Tom Kelshaw, director of technology

In 2015, our industry might advance more through learning from the new breed of exponential technology organisations than from technology itself. We’ll need to behave more like Google, Facebook, Uber and Airbnb — tech companies we admire, but should also fear. 

The media agency industry is highly specialised yet highly competitive and commoditised. We bemoan procurement-led pitches, while ‘lowest CPM’ is a regular part of our vocabulary.

How do we escape commoditisation? By learning from technology companies. Salim Ismail, Yuri Van Geest and Michael Malone recently launched a book with futurist Singularity University detailing how these Exponential Organisations avoid battles of sameness via a 10 per cent difference. They aim for a tenfold impact by introducing radical changes. Remember newspaper classifieds, film photography, travel agencies and CD singles? All have been destroyed by exponential organisations.

Radical difference could be the key. Tesla dominates through supply-chain. It owns the batteries, the plants, the chargers and most importantly the dealerships. Tighter integration of supply chain could help media to “go exponential”.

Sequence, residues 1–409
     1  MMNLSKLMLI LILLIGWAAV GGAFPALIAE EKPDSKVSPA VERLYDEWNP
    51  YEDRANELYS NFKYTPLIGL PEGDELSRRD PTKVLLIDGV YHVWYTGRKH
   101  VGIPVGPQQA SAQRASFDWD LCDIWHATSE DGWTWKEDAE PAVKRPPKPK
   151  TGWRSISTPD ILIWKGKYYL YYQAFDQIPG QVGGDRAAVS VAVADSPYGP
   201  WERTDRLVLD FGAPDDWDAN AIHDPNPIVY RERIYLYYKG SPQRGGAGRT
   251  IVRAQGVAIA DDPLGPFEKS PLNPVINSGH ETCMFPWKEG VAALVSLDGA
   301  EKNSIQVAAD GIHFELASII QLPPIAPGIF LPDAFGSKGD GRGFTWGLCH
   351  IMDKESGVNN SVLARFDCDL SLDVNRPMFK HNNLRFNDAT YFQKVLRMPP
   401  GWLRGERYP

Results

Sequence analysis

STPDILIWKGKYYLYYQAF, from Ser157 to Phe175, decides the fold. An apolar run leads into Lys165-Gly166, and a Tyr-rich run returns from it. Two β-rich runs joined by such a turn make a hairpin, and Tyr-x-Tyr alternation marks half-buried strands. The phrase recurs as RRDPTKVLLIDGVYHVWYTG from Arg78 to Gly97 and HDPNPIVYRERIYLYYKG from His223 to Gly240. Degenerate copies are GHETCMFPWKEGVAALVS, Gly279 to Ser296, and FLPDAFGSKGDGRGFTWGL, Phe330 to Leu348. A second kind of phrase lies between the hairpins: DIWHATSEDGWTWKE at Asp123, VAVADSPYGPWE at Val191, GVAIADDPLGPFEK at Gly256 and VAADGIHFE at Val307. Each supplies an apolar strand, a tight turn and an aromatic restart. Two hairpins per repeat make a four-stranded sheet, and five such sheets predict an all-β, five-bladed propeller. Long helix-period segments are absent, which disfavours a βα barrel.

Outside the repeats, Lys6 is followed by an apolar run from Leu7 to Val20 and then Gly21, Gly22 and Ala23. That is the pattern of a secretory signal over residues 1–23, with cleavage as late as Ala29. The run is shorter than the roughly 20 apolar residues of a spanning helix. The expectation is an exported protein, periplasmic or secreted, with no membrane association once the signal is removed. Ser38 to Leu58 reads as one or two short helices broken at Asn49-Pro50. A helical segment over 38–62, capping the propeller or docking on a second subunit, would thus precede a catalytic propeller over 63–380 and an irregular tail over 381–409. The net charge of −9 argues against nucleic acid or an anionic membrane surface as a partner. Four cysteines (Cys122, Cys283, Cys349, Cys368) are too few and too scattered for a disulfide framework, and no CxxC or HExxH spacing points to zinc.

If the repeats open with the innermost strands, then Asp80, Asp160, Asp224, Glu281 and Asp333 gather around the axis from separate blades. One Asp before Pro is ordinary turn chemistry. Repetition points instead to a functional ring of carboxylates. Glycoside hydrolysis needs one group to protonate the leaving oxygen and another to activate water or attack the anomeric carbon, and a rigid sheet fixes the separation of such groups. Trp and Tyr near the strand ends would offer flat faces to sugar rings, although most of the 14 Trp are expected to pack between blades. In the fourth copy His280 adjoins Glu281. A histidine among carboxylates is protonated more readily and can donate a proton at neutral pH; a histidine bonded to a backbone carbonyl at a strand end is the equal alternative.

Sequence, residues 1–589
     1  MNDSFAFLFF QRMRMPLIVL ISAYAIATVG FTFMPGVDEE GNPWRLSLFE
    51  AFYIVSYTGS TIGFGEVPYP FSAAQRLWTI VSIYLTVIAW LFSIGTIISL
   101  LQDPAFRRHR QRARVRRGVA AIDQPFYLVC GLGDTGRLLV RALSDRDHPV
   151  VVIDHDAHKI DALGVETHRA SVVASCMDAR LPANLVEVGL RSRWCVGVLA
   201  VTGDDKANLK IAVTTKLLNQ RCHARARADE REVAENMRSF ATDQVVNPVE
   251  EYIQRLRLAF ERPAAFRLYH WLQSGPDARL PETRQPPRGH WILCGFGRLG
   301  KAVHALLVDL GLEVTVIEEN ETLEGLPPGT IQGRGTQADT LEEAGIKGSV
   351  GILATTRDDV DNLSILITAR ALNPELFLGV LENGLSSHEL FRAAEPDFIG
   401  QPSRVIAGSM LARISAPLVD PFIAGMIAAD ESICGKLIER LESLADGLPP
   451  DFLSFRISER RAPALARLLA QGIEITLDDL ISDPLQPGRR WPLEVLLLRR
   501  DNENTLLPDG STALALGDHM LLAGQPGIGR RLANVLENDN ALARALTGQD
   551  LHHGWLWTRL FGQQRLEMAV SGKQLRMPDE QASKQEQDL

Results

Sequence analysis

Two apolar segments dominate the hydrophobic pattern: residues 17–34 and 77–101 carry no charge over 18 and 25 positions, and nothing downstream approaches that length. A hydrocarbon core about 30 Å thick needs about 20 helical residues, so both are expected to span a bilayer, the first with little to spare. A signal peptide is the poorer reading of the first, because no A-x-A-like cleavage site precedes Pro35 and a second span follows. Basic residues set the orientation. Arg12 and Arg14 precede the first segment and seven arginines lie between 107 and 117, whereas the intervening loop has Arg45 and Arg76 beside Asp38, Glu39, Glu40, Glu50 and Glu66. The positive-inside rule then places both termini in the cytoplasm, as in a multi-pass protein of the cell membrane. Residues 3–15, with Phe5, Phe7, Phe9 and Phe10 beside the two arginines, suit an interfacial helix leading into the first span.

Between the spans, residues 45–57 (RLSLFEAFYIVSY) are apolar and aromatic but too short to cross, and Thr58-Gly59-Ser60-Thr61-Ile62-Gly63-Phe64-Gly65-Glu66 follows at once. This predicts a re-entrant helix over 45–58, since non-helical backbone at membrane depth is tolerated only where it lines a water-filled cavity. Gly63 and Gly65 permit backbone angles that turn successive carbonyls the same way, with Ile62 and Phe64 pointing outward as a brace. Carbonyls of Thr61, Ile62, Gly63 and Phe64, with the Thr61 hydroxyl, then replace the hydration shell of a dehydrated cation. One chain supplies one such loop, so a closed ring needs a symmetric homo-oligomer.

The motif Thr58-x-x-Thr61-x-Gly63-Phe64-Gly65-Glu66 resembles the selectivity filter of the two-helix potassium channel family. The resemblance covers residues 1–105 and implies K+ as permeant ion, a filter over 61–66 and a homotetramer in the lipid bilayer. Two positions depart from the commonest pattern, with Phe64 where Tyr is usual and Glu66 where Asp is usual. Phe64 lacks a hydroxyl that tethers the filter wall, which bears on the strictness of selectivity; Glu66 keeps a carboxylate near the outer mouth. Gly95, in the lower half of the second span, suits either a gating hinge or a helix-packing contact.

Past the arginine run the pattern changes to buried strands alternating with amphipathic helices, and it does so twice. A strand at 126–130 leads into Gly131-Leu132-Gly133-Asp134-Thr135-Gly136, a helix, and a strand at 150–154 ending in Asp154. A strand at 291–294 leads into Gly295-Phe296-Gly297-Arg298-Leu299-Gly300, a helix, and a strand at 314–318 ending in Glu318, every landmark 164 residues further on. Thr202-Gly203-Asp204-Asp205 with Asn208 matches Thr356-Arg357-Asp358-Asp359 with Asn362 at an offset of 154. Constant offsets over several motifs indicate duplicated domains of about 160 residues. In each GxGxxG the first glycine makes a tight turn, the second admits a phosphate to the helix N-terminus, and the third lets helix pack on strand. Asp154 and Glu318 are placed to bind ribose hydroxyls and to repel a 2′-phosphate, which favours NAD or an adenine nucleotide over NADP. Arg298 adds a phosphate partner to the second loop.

Exponential tech companies subvert an important concept in economics called “marginal cost”. After you’ve built your company, your brand and operations and begin selling, the ideal is to reduce the incremental cost of each product to near zero. The first Model T, after R&D and production line, was very costly to Ford. The hundredth was much more profitable.

It costs Google zero to service a new client in Adwords. Airbnb can supply 10 new hotel rooms for nothing. Uber can add 100 cabs for zip. 

Yet for media agencies, the more clients we win, the more data we collect, the more planning we do and the more media we buy. It rarely gets any cheaper. Of course, our holding companies deliver huge efficiencies where they can, but the real day-to-day impact cannot increase exponentially.